MANHATTAN — Take pyridostigmine bromide pills, mix with several vaccinations received at the same time — including anthrax — many of which contained mercury as a preservative, blend with inaccurate shot records, add a lack of rest, sprinkled with a dash of stressful conditions and you have the recipe for a “significant association” between subsequent declines in subjective health experiences and Gulf War veterans. That’s the conclusion in a report released by researchers at Kansas State University.
The research team, led by Walter Schumm, a K-State professor of family studies and human services, studied a random selection of nearly 1,000 reserve component veterans from all branches of the military, who had either been living in Ohio in March 1996 or who had been in Ohio as of August 1990.
State officials were concerned over numerous reports of veterans in Ohio being ill with various problems and hired the team of researchers to take an independent look at the problem. In addition to Schumm, the principal investigator, researchers included Earl J. Reppert, M.D., medical director, Lafene Student Health Center; Anthony P. Jurich, Stephan R. Bollman, Farrell J. Webb, and Carlos S. Castelo, all from the department of family studies and human services.
Schumm said veterans were asked about changes in their health from before, during and after the war, as well as at the current time. Among those veterans who reported excellent health before the war, 36 percent who said they received an anthrax vaccination reported poor to fair health in 1996 compared to 18 percent of those who did not report receiving the anthrax vaccination. In contrast, those who were not mobilized and did not receive an anthrax vaccination or pyridostigmine bromide pills reported much lower levels of poor to fair health in 1996 — less than 5 percent.
“What we basically found was that subjective health deteriorated somewhat over time,” Schumm said. “As people got older their health declined a little bit. We did find that those who recalled that they did receive an anthrax vaccination during the Gulf War, their health deteriorated about twice as fast as folks in similar circumstances who didn’t have a recollection of receiving that shot. ”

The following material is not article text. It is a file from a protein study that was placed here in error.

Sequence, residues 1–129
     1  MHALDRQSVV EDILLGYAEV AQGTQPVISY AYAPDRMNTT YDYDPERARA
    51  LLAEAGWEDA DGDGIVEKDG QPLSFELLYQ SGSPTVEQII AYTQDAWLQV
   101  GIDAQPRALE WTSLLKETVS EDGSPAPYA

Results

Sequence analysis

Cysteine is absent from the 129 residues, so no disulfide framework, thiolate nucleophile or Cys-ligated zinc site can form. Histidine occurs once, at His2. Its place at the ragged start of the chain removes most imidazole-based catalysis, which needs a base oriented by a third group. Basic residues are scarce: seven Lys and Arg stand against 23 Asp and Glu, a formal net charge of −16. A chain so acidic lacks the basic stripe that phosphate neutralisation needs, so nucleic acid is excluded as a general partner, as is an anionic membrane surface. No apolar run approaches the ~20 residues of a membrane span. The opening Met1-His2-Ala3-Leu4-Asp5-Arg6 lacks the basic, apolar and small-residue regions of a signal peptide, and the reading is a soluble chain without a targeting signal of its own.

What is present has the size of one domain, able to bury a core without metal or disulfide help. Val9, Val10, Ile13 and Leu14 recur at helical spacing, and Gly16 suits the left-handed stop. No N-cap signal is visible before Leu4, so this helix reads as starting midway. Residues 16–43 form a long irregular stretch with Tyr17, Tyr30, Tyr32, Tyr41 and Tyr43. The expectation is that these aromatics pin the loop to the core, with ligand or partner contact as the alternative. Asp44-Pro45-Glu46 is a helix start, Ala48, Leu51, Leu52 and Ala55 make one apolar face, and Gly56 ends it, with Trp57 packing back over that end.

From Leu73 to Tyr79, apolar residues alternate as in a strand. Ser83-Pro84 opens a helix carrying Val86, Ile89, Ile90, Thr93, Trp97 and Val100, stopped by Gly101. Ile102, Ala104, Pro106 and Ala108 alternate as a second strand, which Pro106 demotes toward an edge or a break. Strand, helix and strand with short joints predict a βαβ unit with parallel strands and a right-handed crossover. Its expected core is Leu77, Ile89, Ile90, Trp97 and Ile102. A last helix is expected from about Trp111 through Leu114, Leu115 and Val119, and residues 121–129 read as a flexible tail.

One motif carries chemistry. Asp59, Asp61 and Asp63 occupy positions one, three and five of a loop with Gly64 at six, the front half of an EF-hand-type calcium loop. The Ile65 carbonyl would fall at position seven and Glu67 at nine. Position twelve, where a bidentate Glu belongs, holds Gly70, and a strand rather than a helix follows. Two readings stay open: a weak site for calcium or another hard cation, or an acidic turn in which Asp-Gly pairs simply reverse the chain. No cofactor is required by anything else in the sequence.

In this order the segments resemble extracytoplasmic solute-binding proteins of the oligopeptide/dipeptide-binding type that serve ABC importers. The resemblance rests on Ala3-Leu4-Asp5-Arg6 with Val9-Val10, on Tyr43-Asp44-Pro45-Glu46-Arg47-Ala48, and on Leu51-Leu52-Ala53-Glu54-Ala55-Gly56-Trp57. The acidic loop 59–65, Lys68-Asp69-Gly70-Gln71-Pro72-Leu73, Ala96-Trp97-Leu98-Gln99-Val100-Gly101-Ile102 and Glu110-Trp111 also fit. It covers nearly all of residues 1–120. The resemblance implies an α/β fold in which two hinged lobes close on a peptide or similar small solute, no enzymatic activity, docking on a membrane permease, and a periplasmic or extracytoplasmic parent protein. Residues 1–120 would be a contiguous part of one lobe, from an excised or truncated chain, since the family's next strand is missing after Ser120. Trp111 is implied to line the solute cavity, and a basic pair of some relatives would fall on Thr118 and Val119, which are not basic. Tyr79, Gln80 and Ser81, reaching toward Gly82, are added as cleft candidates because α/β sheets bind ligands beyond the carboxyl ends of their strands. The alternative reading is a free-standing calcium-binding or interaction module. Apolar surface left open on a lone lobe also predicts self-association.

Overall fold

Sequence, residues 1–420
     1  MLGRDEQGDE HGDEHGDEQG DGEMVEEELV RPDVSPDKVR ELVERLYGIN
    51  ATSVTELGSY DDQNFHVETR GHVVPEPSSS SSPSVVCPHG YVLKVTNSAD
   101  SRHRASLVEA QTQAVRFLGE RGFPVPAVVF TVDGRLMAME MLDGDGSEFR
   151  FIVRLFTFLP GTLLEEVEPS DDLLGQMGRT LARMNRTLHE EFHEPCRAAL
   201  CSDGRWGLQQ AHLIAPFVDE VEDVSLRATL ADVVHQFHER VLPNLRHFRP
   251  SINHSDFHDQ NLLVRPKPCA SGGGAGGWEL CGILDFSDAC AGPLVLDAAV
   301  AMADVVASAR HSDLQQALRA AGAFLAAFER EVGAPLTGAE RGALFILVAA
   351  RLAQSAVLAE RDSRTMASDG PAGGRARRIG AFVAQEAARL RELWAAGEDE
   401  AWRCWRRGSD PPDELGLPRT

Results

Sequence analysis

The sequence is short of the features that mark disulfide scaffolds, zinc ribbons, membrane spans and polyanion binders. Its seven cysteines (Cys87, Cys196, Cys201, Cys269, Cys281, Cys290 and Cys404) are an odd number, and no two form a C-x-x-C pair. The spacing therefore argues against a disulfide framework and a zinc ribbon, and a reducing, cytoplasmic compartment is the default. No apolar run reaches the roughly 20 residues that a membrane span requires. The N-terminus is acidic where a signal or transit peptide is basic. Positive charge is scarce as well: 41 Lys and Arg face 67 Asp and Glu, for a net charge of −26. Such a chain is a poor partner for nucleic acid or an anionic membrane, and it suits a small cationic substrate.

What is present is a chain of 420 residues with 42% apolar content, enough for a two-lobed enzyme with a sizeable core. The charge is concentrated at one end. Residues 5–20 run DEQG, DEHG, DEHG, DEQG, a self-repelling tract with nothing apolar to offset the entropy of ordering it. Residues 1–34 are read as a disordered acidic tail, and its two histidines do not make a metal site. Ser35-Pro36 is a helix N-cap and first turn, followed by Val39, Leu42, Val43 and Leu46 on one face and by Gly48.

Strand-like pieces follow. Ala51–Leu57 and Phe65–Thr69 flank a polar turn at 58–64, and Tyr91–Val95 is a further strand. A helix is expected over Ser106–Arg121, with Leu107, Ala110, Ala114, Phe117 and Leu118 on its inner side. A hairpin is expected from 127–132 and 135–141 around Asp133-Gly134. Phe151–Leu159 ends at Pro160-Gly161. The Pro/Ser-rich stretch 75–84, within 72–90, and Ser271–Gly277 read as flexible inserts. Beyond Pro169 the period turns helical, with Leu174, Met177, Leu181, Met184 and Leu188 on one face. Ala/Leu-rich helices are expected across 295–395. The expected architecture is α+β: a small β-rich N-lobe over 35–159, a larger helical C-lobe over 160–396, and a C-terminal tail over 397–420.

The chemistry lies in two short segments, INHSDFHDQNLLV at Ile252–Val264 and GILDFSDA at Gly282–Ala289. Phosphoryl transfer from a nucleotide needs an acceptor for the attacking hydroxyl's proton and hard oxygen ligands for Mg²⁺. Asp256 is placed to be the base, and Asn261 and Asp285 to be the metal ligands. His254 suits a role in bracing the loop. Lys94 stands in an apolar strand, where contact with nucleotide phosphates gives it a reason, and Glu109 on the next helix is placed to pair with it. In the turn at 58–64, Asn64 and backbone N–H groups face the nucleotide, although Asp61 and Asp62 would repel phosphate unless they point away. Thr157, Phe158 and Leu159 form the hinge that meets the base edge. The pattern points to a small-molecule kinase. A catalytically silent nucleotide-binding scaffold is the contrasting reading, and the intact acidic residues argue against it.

Schumm said researchers also found that many of the medical records or shot records of the veterans had been falsified or destroyed, making it virtually impossible to use clinical data to assess the impact of vaccinations or the pyridostigmine bromide pills. In addition, many veterans reported taking incorrect dosages of the pyridostigmine bromide pills, most taking too few with some taking far too many. Only 24 percent of those reporting their average daily consumption of pills actually took the recommended three pills a day.
“Without actual medical records, it is very difficult to prove causality,” Schumm said. “It would be pretty easy to discount any one study by itself as an anomaly since each of the studies have their own unique limitations, but obtaining the same results across different nationalities and research teams would seem to indicate that something went wrong with the process at that time for at least some of the veterans. Personally, I think the best guess is that the mix of pyridostigmine bromide pills, multiple vaccinations in a brief period of time, and high levels of stress combined to adversely affect the health of individuals with genetic susceptibility to such combinations.”
Schumm noted that their research confirms results reported previously by British, Canadian, and other U.S. research teams with respect to vaccinations and pyridostigmine bromide consumption. He is working on a critique of a report recently released by the Institute of Medicine, clearing anthrax vaccine of any connection to health problems. Schumm said that it is possible that the anthrax vaccine as given today may be safe while the product as manufactured and administered during the Gulf War — in combination with all the other factors — was less than optimal with respect to the long term health of recipients.
“I get angry sometimes because you hear on the news that the Gulf War Syndrome symptoms are psychological; it’s all in their heads,” Schumm said. “I think our research suggests that there is something else going on,” Schumm said. “If it was just all just psychological I don’t think we’d get these correlations with the exposures like we have. I think our findings are equivalent if not better than other studies done.”
The study was funded by the State of Ohio through the Center for the Study of Veterans in Society.